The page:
But assuming he didn’t, let’s have a quick look at his statement.
First of all, Android is used on all kinds of devices (not just phones). And Android is flourishing worldwide,in many markets where Verizon doesn’t do business. Android is now the OS on 25 percent of handsets sold around the world (and that’s after only just more than two years of existence). Verizon can hardly take credit for Android’s worldwide success.
Bet even if Malone was referring only to the U.S. market, I still take issue.
IDC wireless analyst Ramon Llamas reminds me that Android awareness (and sales) rose sharply after the October 2009 launch of Verizon’s Motorola Droid. Verizon’s massive ad campaign went a long way to educating consumers about a smartphone that could run apps like the iPhone does, but did not depend on AT&T’s less-than-dependable network, Llamas points out. People wanted that.
I also have no doubt that Verizon sells more Android phones than anyone else today. Verizon sells three of the five biggest selling Android phones in the U.S. today: the Motorola Droid, the HTC Droid Incredible and the HTC Droid Eris. Sprint’s EVO 4G and HTC Hero also make the top five.
Also, given the fact that Verizon sells more smartphones full-stop (33 percent) than any other US carrier, it’s not too surprising that it would sell the most Android phones.
But let’s remember that Verizon has looked for a killer smartphone in the past, and has failed. It bet big on a Windows Mobile-powered Palm Treo back in 2006–sales were disappointing. Same thing a couple years later with the BlackBerry: big marketing push, but less-than-stellar sales. Finally, Verizon found the home run it was looking for in an Android phone, the Motorola Droid.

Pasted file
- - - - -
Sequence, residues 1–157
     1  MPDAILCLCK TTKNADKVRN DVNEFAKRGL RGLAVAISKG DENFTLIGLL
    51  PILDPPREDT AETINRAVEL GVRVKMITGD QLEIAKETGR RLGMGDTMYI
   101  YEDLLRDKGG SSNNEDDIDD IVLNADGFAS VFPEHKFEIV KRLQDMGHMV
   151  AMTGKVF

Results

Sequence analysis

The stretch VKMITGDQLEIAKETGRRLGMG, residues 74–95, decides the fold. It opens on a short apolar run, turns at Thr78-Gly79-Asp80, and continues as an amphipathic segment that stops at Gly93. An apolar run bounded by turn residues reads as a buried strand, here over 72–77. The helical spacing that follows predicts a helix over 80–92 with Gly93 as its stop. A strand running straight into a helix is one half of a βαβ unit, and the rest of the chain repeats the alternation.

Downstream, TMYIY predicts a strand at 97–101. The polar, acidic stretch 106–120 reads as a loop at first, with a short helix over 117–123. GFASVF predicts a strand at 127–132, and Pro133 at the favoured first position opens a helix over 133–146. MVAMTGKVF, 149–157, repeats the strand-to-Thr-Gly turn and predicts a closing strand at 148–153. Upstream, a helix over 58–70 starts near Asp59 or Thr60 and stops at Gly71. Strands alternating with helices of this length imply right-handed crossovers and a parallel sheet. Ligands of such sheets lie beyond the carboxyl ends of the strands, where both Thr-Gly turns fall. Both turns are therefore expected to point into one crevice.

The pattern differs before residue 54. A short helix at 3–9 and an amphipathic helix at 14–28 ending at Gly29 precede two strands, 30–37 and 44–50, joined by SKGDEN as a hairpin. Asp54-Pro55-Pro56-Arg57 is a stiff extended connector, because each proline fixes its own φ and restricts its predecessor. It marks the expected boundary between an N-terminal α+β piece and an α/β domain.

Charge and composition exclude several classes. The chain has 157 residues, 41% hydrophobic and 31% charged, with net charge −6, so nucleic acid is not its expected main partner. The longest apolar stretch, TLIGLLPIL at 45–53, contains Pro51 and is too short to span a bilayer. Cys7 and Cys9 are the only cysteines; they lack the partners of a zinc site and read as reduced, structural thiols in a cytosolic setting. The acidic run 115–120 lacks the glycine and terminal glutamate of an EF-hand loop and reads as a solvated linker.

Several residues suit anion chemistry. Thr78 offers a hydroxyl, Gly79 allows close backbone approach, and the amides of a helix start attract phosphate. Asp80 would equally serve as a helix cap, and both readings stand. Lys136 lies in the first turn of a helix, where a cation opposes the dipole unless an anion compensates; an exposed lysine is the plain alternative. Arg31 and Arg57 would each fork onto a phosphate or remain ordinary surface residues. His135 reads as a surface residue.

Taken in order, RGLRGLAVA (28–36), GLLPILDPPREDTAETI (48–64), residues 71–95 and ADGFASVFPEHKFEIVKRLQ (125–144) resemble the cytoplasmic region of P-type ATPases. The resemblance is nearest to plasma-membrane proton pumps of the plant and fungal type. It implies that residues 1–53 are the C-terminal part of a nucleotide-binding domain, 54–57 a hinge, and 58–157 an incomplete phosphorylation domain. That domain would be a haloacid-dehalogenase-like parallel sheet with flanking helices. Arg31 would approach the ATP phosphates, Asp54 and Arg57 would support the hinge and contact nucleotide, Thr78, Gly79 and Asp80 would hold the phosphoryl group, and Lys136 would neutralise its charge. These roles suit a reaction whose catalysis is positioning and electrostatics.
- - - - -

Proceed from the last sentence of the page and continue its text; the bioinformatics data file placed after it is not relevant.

Verizon has clearly made a big bet on Android. But saying Verizon is the reason for Android’s success just isn’t the whole story.
It’s kind of like saying that AT&T is responsible for the success of the iPhone. Sure AT&T has sold more iPhones in the U.S.– because of its sweet exclusive deal with Apple-but in real life, it’s Apple that can take credit for the success of AT&T’s wireless business.
In truth, the Verizon/Android relationship has been mutually beneficial to both the carrier and the OS. Verizon wisely saw the attractiveness and growth potential of Android, and began working with companies like Motorola to put Android phones in its stable. Verizon wasn’t the first: T-Mobile was the first U.S. carrier to embrace Android, with its G1 and MyTouch phones.
For Verizon, an Android phone was the only available counterpunch to AT&T’s iPhone, as a device that would get people on its network and using gobs of high-margin wireless data. Wireless data, after all, is the future for Verizon, while voice service is a dying line item.
Going forward, is it the mobile OS or the network operator that is really benefiting from the relationship most? For consumers, the Android brand has far more star power than the Verizon brand. People are fascinated by Android. They talk about it. When’s the last time you heard Verizon’s LTE network discussed in mixed company?
Looking at it that way, Malone’s comments seem off-key at best, and filled with corporate hubris at worst. I wonder if Larry and Sergey heard his comments this morning.